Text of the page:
Grading the intensity of nondental orofacial pain: identification of cutoff points for mild, moderate, and severe pain
Authors Brailo V, Zakrzewska J
Received 30 September 2014
Accepted for publication 31 October 2014
Published 20 February 2015 Volume 2015:8 Pages 95—104
Checked for plagiarism Yes
Review by Single-blind
Peer reviewer comments 3
Editor who approved publication: Dr Michael Schatman
Vlaho Brailo,1 Joanna M Zakrzewska2
1Department of Oral Medicine, School of Dental Medicine, University of Zagreb, Zagreb, Croatia; 2Facial Pain Unit, Division of Diagnostic, Surgical and Medical Sciences, Eastman Dental Hospital, UCLH NHS Foundation Trust/University College London, London, UK
Background: When assessing pain in clinical practice, clinicians often label pain as mild, moderate, and severe. However, these categories are not distinctly defined, and are often used arbitrarily. Instruments for pain assessment use more sophisticated scales, such as a 0–10 numerical rating scale, and apart from pain intensity assess pain-related interference and disability. The aim of the study was to identify cutoff points for mild, moderate, and severe nondental orofacial pain using a numerical rating scale, a pain-related interference scale, and a disability measurement.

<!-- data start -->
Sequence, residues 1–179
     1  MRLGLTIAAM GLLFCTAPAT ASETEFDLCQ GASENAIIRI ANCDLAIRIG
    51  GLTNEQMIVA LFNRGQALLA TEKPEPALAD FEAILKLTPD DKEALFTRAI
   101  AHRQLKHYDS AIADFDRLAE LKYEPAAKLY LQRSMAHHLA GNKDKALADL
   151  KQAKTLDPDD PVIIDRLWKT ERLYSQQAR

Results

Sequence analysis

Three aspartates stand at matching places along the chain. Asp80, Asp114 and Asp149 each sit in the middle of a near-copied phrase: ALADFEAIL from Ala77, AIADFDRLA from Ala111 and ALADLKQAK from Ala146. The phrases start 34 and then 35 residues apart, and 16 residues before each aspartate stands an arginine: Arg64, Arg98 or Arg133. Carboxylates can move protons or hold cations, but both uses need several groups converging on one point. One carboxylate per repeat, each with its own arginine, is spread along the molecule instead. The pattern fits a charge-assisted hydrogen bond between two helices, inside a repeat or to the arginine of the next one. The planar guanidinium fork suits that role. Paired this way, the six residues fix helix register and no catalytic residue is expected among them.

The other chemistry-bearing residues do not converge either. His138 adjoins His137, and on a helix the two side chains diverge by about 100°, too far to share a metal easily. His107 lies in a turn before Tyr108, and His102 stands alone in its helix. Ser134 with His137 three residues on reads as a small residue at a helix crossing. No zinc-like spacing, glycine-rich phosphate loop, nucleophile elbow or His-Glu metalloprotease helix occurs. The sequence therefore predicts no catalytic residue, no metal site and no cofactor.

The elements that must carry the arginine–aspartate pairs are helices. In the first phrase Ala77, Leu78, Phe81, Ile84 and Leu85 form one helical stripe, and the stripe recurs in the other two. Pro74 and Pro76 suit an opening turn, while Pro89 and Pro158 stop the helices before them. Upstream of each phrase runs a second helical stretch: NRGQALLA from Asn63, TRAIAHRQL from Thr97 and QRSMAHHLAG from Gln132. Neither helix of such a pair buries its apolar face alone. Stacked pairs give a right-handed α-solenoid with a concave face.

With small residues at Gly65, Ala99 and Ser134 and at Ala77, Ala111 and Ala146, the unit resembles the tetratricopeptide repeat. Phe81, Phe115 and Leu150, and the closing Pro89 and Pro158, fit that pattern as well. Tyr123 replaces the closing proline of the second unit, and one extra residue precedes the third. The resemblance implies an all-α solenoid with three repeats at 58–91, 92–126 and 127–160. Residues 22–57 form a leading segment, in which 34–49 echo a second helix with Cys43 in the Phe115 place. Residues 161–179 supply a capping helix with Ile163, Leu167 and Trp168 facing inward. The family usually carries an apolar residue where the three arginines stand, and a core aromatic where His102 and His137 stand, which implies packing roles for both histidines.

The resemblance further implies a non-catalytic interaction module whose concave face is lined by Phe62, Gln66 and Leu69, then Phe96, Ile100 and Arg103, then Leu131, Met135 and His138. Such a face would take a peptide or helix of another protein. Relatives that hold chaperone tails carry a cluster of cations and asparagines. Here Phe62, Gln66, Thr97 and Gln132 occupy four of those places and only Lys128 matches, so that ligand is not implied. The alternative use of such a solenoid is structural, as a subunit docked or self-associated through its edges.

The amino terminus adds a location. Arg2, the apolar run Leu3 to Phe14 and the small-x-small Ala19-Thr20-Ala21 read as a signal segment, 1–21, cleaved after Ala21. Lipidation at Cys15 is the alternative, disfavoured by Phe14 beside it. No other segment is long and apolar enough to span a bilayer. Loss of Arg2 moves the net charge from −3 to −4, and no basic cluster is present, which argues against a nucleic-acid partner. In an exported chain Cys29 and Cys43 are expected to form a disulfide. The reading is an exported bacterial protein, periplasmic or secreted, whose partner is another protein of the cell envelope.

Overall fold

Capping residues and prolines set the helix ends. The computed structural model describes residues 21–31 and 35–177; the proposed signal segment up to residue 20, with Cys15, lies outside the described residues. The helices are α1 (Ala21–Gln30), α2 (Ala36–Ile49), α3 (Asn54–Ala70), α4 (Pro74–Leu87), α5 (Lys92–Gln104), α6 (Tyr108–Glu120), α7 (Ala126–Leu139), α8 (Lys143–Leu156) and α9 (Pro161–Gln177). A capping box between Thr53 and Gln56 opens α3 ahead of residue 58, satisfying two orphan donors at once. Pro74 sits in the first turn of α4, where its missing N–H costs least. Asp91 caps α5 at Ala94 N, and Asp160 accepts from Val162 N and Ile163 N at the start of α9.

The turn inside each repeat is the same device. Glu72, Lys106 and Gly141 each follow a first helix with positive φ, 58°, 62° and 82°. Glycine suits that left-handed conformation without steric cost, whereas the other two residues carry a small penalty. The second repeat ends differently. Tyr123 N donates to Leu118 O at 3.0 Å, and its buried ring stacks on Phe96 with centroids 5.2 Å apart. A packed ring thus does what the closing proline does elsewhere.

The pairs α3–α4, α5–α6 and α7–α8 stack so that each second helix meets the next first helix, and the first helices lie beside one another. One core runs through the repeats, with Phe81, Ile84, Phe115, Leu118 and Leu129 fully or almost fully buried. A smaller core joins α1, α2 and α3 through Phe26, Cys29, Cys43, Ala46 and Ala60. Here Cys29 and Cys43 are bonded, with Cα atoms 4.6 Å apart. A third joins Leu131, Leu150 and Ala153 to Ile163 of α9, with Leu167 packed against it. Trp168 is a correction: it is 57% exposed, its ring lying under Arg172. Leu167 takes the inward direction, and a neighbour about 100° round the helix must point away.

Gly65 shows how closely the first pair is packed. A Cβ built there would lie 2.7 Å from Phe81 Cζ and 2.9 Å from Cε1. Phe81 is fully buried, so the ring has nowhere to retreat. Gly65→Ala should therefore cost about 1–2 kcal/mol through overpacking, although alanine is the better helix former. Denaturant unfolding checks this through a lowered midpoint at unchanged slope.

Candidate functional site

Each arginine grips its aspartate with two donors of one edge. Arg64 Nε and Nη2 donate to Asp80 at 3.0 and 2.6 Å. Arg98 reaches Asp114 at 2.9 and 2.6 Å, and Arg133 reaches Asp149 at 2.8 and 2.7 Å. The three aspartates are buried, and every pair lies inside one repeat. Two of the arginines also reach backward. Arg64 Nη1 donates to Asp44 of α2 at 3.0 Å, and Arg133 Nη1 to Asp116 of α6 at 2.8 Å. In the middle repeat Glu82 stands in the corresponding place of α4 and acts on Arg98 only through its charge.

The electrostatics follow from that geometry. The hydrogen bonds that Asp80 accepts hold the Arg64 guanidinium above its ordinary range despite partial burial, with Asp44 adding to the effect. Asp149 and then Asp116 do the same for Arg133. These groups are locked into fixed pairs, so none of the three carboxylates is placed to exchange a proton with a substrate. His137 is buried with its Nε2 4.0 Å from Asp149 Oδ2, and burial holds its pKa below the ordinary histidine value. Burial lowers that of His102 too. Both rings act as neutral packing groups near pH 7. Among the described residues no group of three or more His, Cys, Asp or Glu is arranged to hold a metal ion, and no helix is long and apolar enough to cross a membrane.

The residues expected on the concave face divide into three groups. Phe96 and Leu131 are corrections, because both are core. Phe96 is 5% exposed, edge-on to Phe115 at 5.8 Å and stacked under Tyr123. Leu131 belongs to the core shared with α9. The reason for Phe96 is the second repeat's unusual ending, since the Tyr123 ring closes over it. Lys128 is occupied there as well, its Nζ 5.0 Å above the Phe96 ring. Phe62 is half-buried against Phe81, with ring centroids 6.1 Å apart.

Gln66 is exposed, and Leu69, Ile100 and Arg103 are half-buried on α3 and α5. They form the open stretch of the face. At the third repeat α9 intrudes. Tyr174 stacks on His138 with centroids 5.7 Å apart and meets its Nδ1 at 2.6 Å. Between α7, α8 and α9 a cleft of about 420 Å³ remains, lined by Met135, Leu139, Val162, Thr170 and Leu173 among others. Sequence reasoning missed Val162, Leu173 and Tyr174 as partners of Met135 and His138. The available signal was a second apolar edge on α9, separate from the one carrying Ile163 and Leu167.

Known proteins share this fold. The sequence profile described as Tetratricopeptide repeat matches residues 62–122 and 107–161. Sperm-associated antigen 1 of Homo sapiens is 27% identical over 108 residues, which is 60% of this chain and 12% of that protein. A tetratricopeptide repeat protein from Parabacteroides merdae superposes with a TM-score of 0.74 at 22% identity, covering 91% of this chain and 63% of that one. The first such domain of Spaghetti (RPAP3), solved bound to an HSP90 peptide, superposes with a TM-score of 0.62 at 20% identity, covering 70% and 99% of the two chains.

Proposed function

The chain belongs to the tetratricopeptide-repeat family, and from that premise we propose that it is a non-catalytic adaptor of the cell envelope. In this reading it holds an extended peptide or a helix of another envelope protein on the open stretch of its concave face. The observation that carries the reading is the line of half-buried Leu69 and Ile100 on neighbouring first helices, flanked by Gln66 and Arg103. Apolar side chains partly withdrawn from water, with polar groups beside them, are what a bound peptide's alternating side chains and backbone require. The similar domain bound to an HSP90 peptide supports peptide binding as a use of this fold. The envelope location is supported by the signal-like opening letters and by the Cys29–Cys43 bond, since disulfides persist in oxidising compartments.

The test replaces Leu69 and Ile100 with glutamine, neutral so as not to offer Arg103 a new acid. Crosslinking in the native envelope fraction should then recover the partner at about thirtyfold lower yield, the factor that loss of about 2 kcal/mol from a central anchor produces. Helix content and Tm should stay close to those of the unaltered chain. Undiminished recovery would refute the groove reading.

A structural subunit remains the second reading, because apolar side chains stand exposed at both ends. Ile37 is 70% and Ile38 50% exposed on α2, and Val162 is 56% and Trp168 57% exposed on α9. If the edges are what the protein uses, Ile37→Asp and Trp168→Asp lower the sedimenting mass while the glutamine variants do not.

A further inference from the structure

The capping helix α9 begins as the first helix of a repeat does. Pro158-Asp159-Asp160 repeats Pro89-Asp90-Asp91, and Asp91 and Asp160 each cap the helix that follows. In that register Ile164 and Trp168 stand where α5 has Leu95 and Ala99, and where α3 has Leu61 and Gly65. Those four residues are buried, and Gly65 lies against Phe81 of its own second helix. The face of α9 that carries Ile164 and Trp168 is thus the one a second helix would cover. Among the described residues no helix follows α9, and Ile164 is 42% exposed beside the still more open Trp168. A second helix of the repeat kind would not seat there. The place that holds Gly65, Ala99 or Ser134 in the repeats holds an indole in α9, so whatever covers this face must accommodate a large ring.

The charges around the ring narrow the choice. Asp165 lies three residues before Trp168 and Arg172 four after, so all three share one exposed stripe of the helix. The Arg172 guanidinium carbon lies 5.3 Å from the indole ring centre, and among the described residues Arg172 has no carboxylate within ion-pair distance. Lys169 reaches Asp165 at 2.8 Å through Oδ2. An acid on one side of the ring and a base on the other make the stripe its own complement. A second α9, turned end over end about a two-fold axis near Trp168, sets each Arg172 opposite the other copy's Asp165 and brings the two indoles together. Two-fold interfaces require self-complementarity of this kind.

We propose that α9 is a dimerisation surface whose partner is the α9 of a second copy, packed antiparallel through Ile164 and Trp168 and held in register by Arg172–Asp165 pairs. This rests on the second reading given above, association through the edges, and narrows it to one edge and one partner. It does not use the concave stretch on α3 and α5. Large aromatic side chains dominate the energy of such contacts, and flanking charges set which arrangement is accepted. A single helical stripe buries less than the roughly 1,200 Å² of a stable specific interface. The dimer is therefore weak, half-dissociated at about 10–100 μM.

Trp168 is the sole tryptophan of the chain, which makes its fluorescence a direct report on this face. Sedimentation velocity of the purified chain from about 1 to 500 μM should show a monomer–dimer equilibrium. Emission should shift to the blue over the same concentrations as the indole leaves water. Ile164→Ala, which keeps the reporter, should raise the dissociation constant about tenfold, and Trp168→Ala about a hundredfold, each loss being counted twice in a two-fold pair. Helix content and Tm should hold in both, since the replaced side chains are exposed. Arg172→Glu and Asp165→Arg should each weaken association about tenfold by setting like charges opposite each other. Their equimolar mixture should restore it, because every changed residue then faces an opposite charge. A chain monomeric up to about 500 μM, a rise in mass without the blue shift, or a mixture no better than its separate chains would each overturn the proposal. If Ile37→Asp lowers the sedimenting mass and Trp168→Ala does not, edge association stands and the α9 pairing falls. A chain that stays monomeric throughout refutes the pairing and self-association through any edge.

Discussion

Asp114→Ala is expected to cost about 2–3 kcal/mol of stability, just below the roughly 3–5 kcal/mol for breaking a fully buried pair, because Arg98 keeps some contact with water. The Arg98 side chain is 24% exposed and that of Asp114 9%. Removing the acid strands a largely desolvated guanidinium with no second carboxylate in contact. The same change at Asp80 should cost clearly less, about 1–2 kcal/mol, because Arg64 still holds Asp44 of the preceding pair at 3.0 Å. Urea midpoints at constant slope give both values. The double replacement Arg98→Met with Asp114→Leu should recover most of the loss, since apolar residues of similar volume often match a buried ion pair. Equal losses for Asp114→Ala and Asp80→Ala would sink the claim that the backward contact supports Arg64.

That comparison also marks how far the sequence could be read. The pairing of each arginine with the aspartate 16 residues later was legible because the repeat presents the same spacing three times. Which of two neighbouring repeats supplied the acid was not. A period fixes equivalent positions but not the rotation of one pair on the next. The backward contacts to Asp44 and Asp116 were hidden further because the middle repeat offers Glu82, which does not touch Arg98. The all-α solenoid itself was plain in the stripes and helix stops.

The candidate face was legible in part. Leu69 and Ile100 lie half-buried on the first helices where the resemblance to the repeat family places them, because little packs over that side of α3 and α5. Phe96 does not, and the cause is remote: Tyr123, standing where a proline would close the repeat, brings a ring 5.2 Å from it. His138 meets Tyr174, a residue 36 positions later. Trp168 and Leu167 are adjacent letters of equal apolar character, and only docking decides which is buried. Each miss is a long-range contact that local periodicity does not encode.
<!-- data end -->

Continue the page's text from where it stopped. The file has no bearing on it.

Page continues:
Materials and methods: A total of 245 patients referred to the Facial Pain Unit in London were included in the study. Intensity and pain-related interference were assessed by the Brief Pain Inventory. Pain-related disability was assessed by the Chronic Graded Pain Scale. Average pain intensity (0–10) was classified into nine schemes with varying cutoff points of mild, moderate, and severe pain. The scheme with the most significant intergroup difference, expressed by multivariate analysis of variance, provided the cutoffs between mild, moderate, and severe pain.
Results: The combination that showed the greatest intergroup differences for all patients was scheme 47 (mild 1–4, moderate 5–7, severe 8–10). The same combination provided the greatest intergroup differences in subgroups of patients with temporomandibular disorder and chronic idiopathic facial pain, respectively. Among the trigeminal neuralgia patients alone, the combination with the highest intergroup differences was scheme 48 (mild 1–4, moderate 5–8, severe 9–10).
Conclusion: The cutoff points established in this study can discriminate in pain intensity categories reasonably well, and showed a significant difference in most of the outcome measures used.
Keywords: chronic orofacial pain, cutoff point, trigeminal neuralgia, temporomandibular disorder
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